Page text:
More than 2 million Tibetans have been forcibly moved to new housing since 2006, according to a new report from Human Rights Watch. The Chinese government has demolished villages and replaced them with substandard living conditions, the nonprofit organization says. New before-and-after satellite images show the destruction of original villages and their replacement with government housing:
“The scale and speed at which the Tibetan rural population is being remodeled by mass rehousing and relocation policies are unprecedented in the post-Mao era,” says Sophie Richardson, Human Rights Watch’s China director. “Tibetans have no say in the design of policies that are radically altering their way of life, and—in an already highly repressive context—no ways to challenge them.”
According to the 115-page report, Chinese authorities in the Tibet Autonomous Region plan to relocate more than 900,000 people by the end of 2014. The Chinese government denies that it has forcibly evicted residents and claims that the rehousing program respects “the will of the Tibetan farmers and herders.” But the report says that relocated Tibetans struggle with financial difficulties after being forced to move, reduce their herds, or demolish and rebuild their homes.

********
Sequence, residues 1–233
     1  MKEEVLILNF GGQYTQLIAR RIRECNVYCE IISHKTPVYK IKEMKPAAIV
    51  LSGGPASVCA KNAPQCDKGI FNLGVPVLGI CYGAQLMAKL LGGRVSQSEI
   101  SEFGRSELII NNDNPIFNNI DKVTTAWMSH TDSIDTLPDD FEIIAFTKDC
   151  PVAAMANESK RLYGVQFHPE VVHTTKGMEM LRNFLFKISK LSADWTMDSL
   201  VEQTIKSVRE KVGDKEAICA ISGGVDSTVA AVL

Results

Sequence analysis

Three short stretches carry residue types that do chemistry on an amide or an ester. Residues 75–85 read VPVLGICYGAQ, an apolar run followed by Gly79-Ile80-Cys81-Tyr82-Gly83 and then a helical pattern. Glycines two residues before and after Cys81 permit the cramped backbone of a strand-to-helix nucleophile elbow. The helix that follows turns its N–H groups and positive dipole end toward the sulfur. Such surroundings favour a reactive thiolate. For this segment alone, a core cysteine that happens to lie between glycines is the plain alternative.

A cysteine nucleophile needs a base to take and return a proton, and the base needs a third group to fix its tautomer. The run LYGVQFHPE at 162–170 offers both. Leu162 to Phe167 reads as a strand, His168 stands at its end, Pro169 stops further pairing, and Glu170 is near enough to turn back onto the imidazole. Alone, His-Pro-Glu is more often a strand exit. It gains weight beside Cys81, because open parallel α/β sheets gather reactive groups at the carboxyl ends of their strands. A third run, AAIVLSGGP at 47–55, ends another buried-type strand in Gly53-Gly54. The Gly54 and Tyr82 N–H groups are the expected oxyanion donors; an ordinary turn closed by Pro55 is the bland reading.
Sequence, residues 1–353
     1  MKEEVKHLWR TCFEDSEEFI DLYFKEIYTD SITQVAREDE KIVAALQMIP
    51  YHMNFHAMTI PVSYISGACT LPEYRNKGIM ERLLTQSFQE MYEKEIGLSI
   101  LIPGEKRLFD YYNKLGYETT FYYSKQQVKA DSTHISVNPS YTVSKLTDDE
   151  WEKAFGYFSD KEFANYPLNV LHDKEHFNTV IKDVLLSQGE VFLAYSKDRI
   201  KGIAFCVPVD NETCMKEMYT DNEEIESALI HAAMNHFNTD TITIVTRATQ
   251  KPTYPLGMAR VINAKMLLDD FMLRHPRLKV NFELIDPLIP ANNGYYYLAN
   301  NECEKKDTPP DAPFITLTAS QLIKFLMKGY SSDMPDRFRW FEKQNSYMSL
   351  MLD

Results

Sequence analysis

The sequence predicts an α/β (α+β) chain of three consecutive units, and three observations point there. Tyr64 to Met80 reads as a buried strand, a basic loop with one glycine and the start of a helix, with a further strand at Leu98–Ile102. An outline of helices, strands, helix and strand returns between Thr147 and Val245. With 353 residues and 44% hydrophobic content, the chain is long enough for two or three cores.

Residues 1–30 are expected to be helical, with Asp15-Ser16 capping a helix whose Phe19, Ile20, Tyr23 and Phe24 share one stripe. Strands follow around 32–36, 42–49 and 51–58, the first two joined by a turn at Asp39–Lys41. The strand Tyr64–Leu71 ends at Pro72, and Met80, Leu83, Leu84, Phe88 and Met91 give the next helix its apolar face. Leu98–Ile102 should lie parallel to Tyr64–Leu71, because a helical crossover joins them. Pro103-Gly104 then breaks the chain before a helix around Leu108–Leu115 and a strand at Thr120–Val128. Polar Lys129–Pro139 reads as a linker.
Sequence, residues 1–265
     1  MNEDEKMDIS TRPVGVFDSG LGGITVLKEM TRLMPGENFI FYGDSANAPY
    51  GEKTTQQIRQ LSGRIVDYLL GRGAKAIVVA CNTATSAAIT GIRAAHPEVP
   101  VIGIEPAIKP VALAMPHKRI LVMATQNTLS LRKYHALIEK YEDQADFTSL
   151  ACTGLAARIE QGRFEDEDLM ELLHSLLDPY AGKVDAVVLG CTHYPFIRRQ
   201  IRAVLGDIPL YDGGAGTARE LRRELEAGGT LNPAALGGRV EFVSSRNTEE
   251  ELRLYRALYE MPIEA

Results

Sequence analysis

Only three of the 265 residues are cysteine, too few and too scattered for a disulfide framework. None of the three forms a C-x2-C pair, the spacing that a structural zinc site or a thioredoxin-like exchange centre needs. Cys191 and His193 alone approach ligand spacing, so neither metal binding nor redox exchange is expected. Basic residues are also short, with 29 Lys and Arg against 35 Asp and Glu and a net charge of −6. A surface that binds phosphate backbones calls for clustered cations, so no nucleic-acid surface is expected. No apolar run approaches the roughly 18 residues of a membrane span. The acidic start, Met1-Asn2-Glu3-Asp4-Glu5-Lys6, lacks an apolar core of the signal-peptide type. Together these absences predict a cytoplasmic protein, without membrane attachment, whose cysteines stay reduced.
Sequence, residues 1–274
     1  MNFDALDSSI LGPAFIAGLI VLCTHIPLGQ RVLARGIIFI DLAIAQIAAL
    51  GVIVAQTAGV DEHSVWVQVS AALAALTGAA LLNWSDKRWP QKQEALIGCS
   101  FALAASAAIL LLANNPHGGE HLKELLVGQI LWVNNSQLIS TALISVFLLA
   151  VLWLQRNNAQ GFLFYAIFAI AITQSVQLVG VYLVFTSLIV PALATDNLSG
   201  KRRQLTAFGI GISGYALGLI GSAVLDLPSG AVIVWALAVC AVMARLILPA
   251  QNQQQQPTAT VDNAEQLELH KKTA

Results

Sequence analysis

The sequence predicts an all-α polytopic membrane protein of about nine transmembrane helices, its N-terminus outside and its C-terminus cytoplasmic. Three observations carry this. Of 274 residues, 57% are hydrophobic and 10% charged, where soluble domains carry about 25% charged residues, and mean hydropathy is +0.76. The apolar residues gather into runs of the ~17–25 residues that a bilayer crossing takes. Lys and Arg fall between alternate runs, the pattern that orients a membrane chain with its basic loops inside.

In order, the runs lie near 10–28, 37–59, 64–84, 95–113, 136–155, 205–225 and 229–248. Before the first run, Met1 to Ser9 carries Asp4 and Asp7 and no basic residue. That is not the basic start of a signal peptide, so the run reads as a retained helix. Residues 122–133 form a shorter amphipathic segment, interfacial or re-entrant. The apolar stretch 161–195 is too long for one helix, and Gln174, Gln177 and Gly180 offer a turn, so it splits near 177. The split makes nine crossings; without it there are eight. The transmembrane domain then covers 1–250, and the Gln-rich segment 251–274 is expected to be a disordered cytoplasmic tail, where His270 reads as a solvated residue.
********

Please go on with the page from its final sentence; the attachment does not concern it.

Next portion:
Human Rights Watch has called for authorities to end the rehousing program and permit an independent evaluation of the policies. Read more about this story, including testimony from Tibetan villagers, over at Human Rights Watch.
Satellite imagery is helping humanitarian groups identify rights abuses around the world. Last week, near-infrared images revealed attacks on villages in Darfur, and in May, satellite photos undermined the Nigerian Army’s claim that it had only destroyed 30 homes, showing instead that 2,300 houses had been burned.
Watch a video about the rehousing program in Tibet, including analysis of the satellite images, below: